Monday, March 22, 2010

Filipino Iced Tea and other hard drugs

When Maria Silva arrived at Melbourne Airport last week from her home in the Philippines, she was stopped when sniffer dogs detected something in her baggage. Initial tests revealed it to be 2.4kg of methamphetamine - cunningly concealed inside packets of instant iced tea.

Silva was carted off in handcuffs, and faced up to 25 years in prison for trafficking a commercial quantity of illegal drugs.

After 5 days in jail, customs officials were able to determine what Silva was actually carrying: 2.4kg of Nestea lemon-flavoured iced tea.

So, no amphetamines then?

29-year-old Silva, who works as a wedding planner, was bringing 3 800-gram packets of the stuff for her Australian boyfriend Steve Bromley. Word is, this is not the first time that this iced tea has been mistaken for amphetamines. Apparently it is quite refreshing but not especially addictive, and I have no information as to its street value.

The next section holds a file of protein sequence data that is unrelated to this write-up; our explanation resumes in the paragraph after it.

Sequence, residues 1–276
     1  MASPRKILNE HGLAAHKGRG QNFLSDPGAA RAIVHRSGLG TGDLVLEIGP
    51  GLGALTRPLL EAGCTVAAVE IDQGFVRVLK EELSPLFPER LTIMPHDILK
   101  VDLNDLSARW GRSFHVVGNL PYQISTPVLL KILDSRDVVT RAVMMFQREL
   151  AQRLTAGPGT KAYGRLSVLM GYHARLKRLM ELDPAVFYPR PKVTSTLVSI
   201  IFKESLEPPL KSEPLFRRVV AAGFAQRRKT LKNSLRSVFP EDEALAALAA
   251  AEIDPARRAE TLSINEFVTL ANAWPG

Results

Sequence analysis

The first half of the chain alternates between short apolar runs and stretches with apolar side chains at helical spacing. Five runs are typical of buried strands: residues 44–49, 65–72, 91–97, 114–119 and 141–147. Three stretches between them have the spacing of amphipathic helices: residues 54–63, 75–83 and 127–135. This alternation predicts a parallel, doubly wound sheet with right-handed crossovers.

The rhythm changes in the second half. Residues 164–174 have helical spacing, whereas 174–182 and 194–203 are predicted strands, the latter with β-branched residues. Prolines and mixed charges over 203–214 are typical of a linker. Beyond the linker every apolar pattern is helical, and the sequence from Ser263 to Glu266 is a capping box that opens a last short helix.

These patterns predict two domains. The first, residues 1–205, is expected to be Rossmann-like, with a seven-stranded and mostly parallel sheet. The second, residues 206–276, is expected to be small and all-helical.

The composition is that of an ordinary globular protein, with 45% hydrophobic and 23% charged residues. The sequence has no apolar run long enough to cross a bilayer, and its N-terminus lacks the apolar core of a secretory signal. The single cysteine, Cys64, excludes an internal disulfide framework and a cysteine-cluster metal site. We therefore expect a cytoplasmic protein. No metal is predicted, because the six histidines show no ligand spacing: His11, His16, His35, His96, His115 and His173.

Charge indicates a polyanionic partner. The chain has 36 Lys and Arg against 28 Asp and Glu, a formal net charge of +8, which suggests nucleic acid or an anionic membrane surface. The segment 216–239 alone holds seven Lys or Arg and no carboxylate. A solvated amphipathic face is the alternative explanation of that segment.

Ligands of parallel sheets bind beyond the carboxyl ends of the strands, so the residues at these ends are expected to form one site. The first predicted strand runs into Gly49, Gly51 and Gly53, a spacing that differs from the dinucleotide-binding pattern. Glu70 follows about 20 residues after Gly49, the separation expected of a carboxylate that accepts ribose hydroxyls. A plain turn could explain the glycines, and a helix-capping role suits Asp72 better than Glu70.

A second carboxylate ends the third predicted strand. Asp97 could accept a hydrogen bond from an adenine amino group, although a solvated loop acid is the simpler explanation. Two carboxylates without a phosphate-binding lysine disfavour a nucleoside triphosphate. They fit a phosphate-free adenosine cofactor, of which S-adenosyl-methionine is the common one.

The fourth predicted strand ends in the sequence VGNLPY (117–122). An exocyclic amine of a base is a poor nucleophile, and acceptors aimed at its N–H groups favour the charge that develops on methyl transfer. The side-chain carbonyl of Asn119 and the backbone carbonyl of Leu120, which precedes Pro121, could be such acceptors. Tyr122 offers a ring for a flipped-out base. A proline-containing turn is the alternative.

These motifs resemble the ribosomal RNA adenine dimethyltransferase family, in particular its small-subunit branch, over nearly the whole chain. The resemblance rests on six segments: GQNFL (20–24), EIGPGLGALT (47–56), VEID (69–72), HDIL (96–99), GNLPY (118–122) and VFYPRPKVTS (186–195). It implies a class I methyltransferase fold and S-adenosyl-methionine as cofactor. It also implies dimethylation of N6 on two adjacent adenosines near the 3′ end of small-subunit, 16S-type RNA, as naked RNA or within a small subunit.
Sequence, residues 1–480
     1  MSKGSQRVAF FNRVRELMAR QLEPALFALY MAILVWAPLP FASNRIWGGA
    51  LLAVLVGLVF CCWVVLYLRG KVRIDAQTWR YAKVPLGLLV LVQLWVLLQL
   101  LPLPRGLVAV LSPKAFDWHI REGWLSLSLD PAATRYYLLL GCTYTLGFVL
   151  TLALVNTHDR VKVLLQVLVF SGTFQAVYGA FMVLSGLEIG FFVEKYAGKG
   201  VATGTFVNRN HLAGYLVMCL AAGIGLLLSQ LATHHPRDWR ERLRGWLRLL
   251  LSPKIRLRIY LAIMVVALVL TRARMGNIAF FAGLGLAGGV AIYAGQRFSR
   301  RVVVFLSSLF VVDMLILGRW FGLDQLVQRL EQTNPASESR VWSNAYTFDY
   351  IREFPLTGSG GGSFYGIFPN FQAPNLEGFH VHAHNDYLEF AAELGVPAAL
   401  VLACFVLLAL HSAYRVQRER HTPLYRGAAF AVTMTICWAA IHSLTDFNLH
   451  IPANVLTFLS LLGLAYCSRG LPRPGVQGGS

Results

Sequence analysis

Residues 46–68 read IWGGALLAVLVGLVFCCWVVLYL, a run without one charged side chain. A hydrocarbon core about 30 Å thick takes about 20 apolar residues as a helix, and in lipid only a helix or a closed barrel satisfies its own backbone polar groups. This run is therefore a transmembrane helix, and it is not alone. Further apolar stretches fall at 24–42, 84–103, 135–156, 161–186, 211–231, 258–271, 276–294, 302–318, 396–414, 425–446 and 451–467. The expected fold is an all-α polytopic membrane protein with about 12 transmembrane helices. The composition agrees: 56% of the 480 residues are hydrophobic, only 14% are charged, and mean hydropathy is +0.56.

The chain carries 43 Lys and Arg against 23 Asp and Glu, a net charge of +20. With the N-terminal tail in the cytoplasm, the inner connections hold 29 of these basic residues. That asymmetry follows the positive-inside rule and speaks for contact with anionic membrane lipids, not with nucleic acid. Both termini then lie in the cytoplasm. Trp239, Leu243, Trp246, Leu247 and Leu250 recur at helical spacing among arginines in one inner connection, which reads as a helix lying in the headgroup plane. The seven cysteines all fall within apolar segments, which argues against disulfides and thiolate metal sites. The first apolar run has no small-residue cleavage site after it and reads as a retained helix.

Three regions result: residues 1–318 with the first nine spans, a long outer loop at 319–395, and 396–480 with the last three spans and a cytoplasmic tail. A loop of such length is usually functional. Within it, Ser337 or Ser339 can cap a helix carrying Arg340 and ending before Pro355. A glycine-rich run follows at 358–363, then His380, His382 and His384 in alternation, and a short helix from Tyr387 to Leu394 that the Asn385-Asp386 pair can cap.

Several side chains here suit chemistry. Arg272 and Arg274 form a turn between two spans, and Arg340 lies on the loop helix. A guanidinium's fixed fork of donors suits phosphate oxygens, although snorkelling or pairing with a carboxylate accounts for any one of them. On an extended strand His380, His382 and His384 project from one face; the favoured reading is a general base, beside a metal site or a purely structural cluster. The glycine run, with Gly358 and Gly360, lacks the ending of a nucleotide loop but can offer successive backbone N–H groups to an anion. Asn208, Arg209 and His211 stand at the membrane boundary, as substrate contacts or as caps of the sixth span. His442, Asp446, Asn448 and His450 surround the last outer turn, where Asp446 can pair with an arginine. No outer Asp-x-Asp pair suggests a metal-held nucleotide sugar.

She is reportedly traumatised by her ordeal, and has been awarded $5,000 compensation for those days spent in the slammer. Which is a nice gesture by the powers-that-be, but surely it would be nicer for our tourists, and the Victorian taxpayer, if they just didn't lock people up for 5 days without good cause.

I mean, 5 days? How long does it take to determine the difference between hard drugs and iced tea?

Screw the expensive lab equipment, here's a simpler method. You mix the Nestea lemon iced tea with an appropriate quantity of water, as per the instructions on the label, and then you drink it. If it is not drugs, you can enjoy a pleasant sweet drink. If it is drugs, you get high and can go out clubbing.

See? Simple, and I don't even have a science degree. If they had only asked me, I would have sorted it out in under 10 minutes and would have invoiced them substantially less than $5,000 for my trouble.

1 comment:

  1. Haha, it's the perfect solution! I feel bad for that woman though.

    ReplyDelete